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Global cropland expansion and biodiversity loss

19 November 2019

Modern science defines biodiversity as “the sum total of all of the plants, animals, fungi, and microorganisms on Earth”, which “can be observed and measured at any spatial scale ranging from microsites and habitat patches to the entire biosphere”. On both local and global scales, healthy biological diversity is crucially important for the future of our planet. However, over the last few years, scientists have been sounding the alarm to international community about rapidly declining numbers of wildlife populations and continuing threats of extinction of numerous species worldwide. The studies insist that biodiversity loss inevitably impacts the sustainability of entire ecosystem and, accordingly, wellbeing of humans.

Between 1970 and 2014, world’s populations of mammals, birds, fish, reptiles and amphibians reduced by 60% on average. Among the main drivers of global biodiversity decline named in scientific literature are the loss and fragmentation of natural habitats due to land clearing activities associated mainly with cropland expansion as well as intensification of agricultural practices. has summarized the evidence-based research related to farmland expansion in an attempt to find out, how commercial agriculture impacts biodiversity and to what extent the trend of farm consolidation jeopardizes the sustainability of our ecosystem.

Converting wildland into farmland

According to the Food and Agriculture Organization (FAO) of the United Nations, croplands make up 12% of the Earth’s terrestrial area (1.53 billion hectares), while pastures occupy 26% of it (3.38 billion hectares). The past decades witnessed a dramatic farmland expansion, with an upward trend. In particular, between 1985 and 2005, farmland area increased by 154 million hectares or about 3% worldwide, mainly due to forest clearings in the tropical regions (Central and South America, and Central Africa). These changes have been accompanied by a tendency toward farm consolidation worldwide including the countries of South America, e.g. Brazil and Argentina. As of 2006, large farms operating 8,000 hectares and more accounted for about 30 million hectares or 62% of the total farmland in the state of Matto Grosso, Brazil’s main crop producing region.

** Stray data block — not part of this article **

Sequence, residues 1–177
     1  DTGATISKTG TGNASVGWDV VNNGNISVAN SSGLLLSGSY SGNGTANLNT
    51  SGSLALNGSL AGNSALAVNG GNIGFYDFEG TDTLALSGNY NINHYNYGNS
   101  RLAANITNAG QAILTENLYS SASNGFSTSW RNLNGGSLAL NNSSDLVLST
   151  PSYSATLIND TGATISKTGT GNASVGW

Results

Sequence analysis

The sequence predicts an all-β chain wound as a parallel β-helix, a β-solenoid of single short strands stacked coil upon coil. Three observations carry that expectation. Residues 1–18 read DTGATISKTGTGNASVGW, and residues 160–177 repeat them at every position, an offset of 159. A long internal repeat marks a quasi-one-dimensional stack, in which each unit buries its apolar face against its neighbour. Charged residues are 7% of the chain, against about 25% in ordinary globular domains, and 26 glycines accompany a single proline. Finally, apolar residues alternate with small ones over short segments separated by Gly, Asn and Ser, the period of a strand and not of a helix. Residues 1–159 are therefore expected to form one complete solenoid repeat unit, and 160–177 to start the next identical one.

More on deforestation

Some studies claim that commercial agriculture is the key driver behind deforestation, accounting for 40% of deforestation in tropical and sub-tropical regions. It is fair to say that subsistence agriculture causes another 33% of deforestation in the same regions, as stated in the study.

According to FAO, commercial agriculture accounted for 70% of deforestation in South America and 30% in Africa (where small-scale farming is still a major driver of deforestation) between 2000 and 2010. In particular, the Amazon region has been worst affected  by deforestation since 1990 due to growing demand for agricultural products from external markets and the resulting proliferation of large scale grassland pastures and soybean and palm oil fields. Notably, South and Central America witnessed an 89% drop in vertebrate populations within the last 50 years, largely due to deforestation.